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. What would you like to do?
- the process of receving information about and making sense of the world around us
- everyone's perception is different b/c we decide which info to notice, how to categorize this iinfo and hot to interpret information wihtin our existing knowledge framework
what is selective attention?
- filtering information through senses influences:
- -objects characteristics (size, intensity, motion and repetition)
- -perceiver characteristics (automated emotional marker process, expectations, self concept and beliefs, you perceive the same thing everytime)
- -confirmation bias (screen out information contrary to our beliefs/values, support self concept)
what are the perceptual organization/interpretation?
- categorical thinking: mostly nonconscious process of organizing people/things
- perceptual grouping principles: similarity or proximity, closure (filling in missing pieces), perceiving trends
- interpreting incoming information: emotional markers automatically evaluate information
what are mental models in perceptions
- broad world-views or "theories in use"
- help us to quickly make sense of situations (fill in missing pieces, help to predict events)
- problem with mental models: may block recognition of new opportunities/perspectives
What are three social identity processes
- categorization process: compare characteristics of our groups with other groups
- homogenization: similar traits within a group; different traits across groups
- differentiation: develop less favorable images of people in groups other than our own
what is stereotype
assigning traits to people based on their membership in a social category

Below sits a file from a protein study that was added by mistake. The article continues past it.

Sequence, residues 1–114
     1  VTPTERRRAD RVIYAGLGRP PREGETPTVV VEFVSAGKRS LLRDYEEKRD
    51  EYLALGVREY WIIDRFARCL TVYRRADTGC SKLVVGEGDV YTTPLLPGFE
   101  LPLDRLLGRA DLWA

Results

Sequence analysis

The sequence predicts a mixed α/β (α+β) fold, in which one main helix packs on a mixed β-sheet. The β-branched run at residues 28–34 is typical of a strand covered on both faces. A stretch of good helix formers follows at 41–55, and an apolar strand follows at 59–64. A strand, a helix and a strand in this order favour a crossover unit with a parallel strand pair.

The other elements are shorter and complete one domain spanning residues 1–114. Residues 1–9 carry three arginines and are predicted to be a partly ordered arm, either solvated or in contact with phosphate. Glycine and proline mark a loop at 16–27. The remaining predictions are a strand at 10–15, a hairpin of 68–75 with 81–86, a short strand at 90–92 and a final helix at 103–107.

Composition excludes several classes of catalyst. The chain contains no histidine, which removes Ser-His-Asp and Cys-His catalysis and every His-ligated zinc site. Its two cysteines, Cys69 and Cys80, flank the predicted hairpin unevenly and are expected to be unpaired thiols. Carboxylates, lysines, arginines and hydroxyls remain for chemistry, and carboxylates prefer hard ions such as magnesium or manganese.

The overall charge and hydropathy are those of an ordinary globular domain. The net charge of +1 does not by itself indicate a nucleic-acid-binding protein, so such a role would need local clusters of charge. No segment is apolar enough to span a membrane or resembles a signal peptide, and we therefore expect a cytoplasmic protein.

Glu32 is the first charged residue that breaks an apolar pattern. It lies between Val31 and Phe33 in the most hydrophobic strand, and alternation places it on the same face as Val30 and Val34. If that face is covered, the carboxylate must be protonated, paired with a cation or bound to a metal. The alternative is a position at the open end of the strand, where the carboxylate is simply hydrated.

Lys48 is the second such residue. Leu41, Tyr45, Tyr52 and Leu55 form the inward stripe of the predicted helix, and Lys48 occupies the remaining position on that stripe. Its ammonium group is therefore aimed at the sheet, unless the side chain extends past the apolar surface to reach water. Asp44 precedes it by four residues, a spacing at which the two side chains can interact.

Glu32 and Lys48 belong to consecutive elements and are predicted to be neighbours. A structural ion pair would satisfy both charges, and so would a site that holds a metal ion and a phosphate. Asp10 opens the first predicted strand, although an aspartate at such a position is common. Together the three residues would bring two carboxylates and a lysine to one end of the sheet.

why does stereotype occur?
- categorical thinking
- innate drive to understand and antcipate others' behavior
- enhances self-concept
what are stereotyping issues? and how do you over them?
- overgeneralization (doesn't represent everyone in the category)
- basis of systemic and intentional discrimination
- it is difficult to prevent stereotype activation, but possible to minimize stereotype application
what are perpectual errors?
- halo effect: one trait forms a general impression (late for work, everything they do is bad)
- primacy effect: first impressions
- recency effect: most recent information dominates perceptions
- false consensus effect: overestimate the extent to which others have beliefs and characteristics similar to our own
what are strategies to improve perceptions
- awareness of perceptual biases
- improving self-awareness
- meaningful interaction: close, frequent interaction toward a shared goal, equal status, engaged in meaningful task
a relatively permanent change in behavior (or behavior tendency) that occurs as a result of a person's interaction with the environment
what is the difference between explicit and tacit knowledge?
- explicit knowledge: knowledge that is articulated through language, such as documents
- tacit knowledge: knowledge acquired through observation and direct experience
what is behavior modification?
- we operate on the environment
- -alter behavior to maximize positive and minimize adverse consequences
- takes on the extreme view that learning is viewed as completely dependt on the environment
what are the ABC's of behavior?
- antecedents: what happens before behavior (warning light flashes)
- behavior: what person says or does (machine operator turns off power)
- consequence: what happens after behavior (co-workers thank operator)
what is the social learning theory?
- behavioral modeling: observing and modeling behavior of others
- learning behavior consequences: observing consequences that others experience
- self-reinforcement: reinforcing our own behavior with consequences within our control
how do we learn thorugh experience?
- most tacit knowledge and skills are acquired through experience and observation
- experiential learning steps (engagement with environment, reflecting on experience, experimenting, our reflection in class allow one to think beyond the obvious)
how to develop a learning orientation?
- value the generation of new knowledge
- reward experimentation
- recognize mistakes as part of learning
- encourage employees to take reasonable risks
how does organizational learning contribute to organizational effectiveness?
- knowledge acquisition: extracting information and ideas from the external environment as well as through insight
- knowledge sharing: distributing knowledge to tohers across the organization
- knowledge use: applying knowledge in ways that adds value to the organization and its stakeholders
What would you like to do?
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